Peter Lemiska
A medical necessity, a national catastrophe
By Peter Lemiska
April 15, 2020

The economic paralysis we're suffering today is catastrophic, but it's just what the doctor ordered.

Looking back, it's clear the medical profession was caught off guard by the coronavirus. When it first appeared in China, the medical community here was, at most, cautiously concerned. Dr. Anthony Fauci, Director of the National Institute of Allergy and Infectious Diseases, is recognized as the leading expert in his field. During a Jan. 28 interview, Fauci confidently reassured us that "this is not a threat to the people of the United States, and this is not something that the citizens of the United States right now should be worried about." A month later, on February 29, as a lead member of President Trump's Coronavirus Task Force, Dr. Fauci expressed only a bit more concern. While talking about a troubling new phase he called "community spread," he still argued that there was no need for Americans to change their lifestyle at that time. By then, the stock market had already begun its precipitous decline, reflecting the growing public anxiety.

Things changed dramatically overnight, as signs of panic began to appear. A state of emergency was declared, as medical experts began predicting shortages of hospital beds, equipment, and personnel. Then came the evolving advisories. "Don't wear masks," the experts patiently explained, "They only give a false sense of security, and they're needed by our medical personnel." That recommendation was abruptly reversed in early April, when experts began advising everyone to wear some sort of mask – even if it's homemade. There were some early predictions that the virus would leave 240,000 American fatalities in its wake. That was later revised down to 60,000.

And every new contradiction was announced with the same air of confidence we've come to expect from medical experts. Then again, confidence goes hand-in-hand with credibility, and no self-respecting expert can get very far without it.

But this is not a criticism of medical professionals or of experts in general. It's a simple reminder that no human being is infallible.

Unfortunately, many of our elected officials didn't seem to grasp that fact. Either that, or they were oblivious to the concept of unintended consequences. At federal, state, and municipal levels, they began shutting down government facilities and schools. They ordered restaurants and other private enterprises closed. The jobless rate skyrocketed, and our booming economy collapsed. Governors shut down entire states, and for the first time in our history, Americans were not permitted to attend religious services.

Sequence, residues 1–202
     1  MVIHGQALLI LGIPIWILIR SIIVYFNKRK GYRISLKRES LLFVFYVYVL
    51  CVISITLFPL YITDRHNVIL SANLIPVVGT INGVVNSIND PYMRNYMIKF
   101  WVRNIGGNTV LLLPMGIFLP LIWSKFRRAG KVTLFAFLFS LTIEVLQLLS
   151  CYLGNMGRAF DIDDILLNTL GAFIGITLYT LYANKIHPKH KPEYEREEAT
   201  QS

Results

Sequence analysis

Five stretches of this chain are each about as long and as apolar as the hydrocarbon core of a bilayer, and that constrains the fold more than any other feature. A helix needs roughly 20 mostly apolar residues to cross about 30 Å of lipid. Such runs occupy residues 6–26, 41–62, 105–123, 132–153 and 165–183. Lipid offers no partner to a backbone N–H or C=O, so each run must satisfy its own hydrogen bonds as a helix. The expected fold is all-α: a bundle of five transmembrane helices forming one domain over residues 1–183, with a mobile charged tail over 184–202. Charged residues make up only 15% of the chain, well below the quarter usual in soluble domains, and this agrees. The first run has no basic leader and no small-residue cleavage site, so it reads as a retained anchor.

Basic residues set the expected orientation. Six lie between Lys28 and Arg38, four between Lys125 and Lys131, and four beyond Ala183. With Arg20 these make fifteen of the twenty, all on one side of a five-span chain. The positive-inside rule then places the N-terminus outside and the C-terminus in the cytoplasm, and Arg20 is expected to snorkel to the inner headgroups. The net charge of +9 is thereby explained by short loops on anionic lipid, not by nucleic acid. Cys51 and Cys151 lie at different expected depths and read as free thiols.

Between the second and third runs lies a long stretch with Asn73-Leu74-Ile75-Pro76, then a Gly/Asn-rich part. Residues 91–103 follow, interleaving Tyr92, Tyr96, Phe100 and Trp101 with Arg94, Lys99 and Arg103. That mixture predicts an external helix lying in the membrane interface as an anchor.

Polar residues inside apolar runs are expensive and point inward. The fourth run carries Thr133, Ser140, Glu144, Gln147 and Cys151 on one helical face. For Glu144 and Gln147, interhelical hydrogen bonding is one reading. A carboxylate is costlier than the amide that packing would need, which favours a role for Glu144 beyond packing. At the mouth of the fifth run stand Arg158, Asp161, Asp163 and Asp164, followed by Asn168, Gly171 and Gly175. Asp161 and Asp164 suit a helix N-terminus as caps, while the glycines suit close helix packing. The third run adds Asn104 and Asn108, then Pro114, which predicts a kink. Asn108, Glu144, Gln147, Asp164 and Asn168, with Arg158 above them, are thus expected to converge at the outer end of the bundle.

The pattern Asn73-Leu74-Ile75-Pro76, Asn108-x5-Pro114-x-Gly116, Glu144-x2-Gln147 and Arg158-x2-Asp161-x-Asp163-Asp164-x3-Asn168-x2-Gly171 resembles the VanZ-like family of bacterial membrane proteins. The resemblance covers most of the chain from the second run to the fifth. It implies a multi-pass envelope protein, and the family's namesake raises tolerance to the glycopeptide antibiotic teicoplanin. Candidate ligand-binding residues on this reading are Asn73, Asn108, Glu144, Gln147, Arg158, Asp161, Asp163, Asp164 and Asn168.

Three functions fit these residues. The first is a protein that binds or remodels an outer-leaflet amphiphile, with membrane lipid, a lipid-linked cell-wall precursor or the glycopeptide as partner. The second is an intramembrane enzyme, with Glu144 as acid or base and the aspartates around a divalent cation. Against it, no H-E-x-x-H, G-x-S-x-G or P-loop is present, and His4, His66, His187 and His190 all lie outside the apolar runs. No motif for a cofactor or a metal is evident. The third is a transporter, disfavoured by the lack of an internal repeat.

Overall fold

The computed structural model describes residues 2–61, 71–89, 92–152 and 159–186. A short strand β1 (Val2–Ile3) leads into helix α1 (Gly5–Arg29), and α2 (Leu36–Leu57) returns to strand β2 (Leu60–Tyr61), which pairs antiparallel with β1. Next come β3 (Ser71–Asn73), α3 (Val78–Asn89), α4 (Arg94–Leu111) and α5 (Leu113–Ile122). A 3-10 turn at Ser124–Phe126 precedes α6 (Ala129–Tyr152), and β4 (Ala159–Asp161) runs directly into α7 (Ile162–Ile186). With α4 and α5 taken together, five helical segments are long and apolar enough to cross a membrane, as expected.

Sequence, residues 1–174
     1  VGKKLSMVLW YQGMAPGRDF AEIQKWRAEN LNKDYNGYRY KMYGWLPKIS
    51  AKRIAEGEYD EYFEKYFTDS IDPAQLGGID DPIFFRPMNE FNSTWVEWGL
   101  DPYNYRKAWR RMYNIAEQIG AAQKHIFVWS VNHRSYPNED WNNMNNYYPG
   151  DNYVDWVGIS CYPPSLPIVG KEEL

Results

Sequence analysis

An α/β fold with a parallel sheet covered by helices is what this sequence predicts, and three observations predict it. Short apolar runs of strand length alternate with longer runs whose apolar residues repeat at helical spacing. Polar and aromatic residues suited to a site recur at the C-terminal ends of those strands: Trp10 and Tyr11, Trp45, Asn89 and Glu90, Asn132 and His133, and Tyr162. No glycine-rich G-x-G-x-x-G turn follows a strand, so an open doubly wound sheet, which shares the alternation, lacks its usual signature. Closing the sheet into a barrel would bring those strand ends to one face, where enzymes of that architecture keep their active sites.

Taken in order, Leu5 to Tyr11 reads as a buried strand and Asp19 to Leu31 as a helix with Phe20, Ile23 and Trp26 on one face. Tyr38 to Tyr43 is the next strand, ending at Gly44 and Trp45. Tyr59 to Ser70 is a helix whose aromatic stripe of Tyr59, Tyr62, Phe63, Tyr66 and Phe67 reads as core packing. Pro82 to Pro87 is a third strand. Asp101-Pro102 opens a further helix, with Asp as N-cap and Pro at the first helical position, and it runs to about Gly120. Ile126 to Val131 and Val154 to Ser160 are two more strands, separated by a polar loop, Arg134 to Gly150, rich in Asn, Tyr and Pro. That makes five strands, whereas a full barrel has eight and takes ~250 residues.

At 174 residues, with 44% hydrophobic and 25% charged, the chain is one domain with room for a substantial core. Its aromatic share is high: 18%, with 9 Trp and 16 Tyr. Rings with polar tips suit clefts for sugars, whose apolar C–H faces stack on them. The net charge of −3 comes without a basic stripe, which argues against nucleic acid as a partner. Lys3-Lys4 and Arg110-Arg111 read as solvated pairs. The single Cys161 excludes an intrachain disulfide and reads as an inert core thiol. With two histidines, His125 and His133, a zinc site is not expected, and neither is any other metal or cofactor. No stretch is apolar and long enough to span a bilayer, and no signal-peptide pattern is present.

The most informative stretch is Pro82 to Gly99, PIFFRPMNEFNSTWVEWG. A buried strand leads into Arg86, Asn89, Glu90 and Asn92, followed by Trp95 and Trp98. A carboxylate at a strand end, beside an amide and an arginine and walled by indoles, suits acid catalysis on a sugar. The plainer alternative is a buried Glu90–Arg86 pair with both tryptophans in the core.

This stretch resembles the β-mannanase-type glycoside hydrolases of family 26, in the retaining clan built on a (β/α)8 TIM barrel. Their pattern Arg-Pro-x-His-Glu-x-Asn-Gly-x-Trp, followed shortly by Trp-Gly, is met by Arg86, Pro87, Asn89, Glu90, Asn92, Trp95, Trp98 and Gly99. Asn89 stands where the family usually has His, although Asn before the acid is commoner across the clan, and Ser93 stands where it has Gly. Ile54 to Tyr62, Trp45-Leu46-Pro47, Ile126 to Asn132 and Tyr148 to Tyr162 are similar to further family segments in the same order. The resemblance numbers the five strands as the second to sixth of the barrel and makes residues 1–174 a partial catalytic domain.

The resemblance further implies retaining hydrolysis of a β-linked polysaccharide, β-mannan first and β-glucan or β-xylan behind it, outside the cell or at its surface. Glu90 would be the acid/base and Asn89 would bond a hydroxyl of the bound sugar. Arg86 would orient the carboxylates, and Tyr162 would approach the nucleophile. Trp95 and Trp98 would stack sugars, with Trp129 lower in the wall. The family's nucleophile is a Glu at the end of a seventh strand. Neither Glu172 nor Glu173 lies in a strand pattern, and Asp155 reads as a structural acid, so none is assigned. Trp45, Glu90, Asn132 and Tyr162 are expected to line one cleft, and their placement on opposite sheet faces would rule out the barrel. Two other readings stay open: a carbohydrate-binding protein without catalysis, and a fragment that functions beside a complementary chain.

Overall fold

Across the country, church leaders were cited for holding Easter services in defiance of stay-at-home orders. In a surrealistic twist, that defiance was called "dangerous" by local officials, who somehow didn't see the implication of suppressing that most sacrosanct right guaranteed by our Constitution.

Throughout our history, we've endured dire situations during which some of our individual liberties were repressed. It happened during the Civil War, when Lincoln suspended habeas corpus. It happened again during WWII, with FDR's internment of Japanese-Americans. But the current sweeping suppression of our constitutionally-guaranteed freedoms, based on not much more than expert opinion, is unprecedented. And its impact on our economy has been catastrophic.

Doctors told our elected leaders that infectious diseases can't spread if there's no one to spread it. From their perspective, a total lock-down was the optimal solution. That's what they got.

And while most of our leaders reluctantly issued shutdown orders, earnestly believing they were necessary for public health, some less scrupulous politicians viewed the pandemic as a chance to implement radical political change – in welfare programs, prison release programs, border policies, even our nation's election process. Others seemed to relish the situation as an opportunity for endless hours of public exposure.